Archive for May, 2010

UK Government tries to stop ‘low priority’ Semantic Web

May 24, 2010

At lunchtime today the UK’s Department of Business announced the first round of government cuts, including: “£18 million by stopping low priority projects like the Semantic web”

Could this be right? Was the new coalition government really going to stop the next stage of the Web – sometimes referred to as Web 3.0 – in which artificial intelligence (AI) techniques are introduced to the Internet? How would they do this? Ban the use of RDF (one of the key standards involved) or close down the World Wide Web Consortium (W3C), the standards body that oversees it?

After an outbreak of fevered twittering, the Department updated its text to read:

“stopping low priority projects like the Institute of Web Sciences (researching semantic web technologies)”

So, we can all breathe a sigh of relief. The Semantic Web is safe. But this is a breathtaking example of short-sightedness on the part of UK Plc.

The Institute was announced in March with Web inventor, and Englishman, Sir Tim Berners-Lee slated to be heading it up. It was to be based at Oxford and Southampton, universities with strong Internet and AI research pedigrees.  With British companies having pretty much missed out on Web 1.0 and 2.0 explosions (look at the roll call of names of the top twenty Web companies:  Google, Facebook, E-Bay, Amazon etc.) we had a good chance not to miss out on Web 3.0. Looks like as a nation we are about to drop the ball yet again.

So well done on yet another own goal. The UK’s new government has shot down one of the few emerging industries in which we could genuinely claim some world-class prowess.

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From bowling alone to tweeting together

May 13, 2010

Last week’s General Election in the UK was supposed to have been the first where the Web, and in particular social media tools such as Twitter, took over from television as the primary vehicle for communication and debate. It didn’t quite turn out that way as the TV leader debates dominated the campaign. Despite this perhaps temporary set-back, a new journal paper by the veteran human-computer interface expert Ben Shneiderman and a colleague, Harry Hochheiser, argues that social media could reverse the forty-year decline in civic, political and community-group participation which was articulated in Robert Putnam’s book “Bowling alone”.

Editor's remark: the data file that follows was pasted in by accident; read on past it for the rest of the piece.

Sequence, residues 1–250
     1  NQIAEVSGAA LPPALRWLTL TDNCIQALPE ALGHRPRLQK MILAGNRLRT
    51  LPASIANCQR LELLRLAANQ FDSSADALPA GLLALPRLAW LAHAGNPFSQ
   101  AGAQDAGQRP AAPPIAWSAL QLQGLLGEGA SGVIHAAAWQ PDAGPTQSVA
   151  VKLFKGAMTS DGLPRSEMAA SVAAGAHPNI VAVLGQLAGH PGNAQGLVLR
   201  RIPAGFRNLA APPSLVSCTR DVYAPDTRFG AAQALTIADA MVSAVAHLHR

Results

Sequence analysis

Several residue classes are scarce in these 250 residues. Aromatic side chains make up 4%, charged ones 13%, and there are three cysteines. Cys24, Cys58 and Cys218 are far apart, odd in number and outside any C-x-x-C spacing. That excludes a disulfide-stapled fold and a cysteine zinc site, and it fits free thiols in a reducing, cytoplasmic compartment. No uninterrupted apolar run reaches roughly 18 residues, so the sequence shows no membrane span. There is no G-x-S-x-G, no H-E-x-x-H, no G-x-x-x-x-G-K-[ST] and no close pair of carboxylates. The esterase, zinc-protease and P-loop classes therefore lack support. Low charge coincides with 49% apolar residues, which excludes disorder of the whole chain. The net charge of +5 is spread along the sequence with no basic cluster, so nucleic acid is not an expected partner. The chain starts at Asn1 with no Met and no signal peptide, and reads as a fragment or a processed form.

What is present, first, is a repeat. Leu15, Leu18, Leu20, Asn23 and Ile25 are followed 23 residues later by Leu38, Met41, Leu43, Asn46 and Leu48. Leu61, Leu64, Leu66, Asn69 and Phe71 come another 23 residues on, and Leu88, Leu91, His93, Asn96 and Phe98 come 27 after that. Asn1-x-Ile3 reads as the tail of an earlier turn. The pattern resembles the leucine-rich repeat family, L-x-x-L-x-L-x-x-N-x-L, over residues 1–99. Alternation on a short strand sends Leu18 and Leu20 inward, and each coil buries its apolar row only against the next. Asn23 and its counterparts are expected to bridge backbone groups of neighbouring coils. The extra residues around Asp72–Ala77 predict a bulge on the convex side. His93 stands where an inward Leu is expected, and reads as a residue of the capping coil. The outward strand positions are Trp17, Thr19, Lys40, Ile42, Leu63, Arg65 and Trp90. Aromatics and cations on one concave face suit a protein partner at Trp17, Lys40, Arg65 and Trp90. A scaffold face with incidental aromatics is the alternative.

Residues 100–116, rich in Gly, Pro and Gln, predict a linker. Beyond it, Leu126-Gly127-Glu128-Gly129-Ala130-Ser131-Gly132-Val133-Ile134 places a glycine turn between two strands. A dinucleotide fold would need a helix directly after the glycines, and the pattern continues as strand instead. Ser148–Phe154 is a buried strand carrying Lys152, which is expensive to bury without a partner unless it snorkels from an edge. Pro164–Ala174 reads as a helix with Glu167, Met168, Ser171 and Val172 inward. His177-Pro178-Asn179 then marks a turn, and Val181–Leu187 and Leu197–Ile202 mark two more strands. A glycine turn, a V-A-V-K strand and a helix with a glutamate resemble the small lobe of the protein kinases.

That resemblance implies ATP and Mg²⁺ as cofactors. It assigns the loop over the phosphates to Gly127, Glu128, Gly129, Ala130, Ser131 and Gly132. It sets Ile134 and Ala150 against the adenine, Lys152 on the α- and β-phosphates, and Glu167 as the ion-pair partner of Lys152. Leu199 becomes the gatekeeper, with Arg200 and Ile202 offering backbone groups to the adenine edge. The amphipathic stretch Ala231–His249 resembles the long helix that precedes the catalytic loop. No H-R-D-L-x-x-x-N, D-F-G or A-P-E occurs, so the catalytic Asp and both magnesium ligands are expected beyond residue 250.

In order to do so social media designers, civic leaders, and community managers will need to:

“deploy the right social media interfaces to restore participation in social, civic, political, and economic institutions” (my italics).

By this they mean interfaces that are, of course, so easy to use and intuitive that just about anyone can engage with them. But also they argue we need to develop ethical systems that help foster participation and trust between individuals online and deal with issues such as privacy, accuracy and destructive behaviour. For example, social media allows anonymity in things like blog postings, by letting people ‘hide’ behind funny pseudonyms. Does this practice act as a barrier to trust and accuracy? They argue that these and many other questions form a major new research agenda for the computing and social sciences and note the launch last year, in the US, of the National Initiative on Social Participation (NISP).

Naturally, they have also launched a Facebook page to take their ideas further.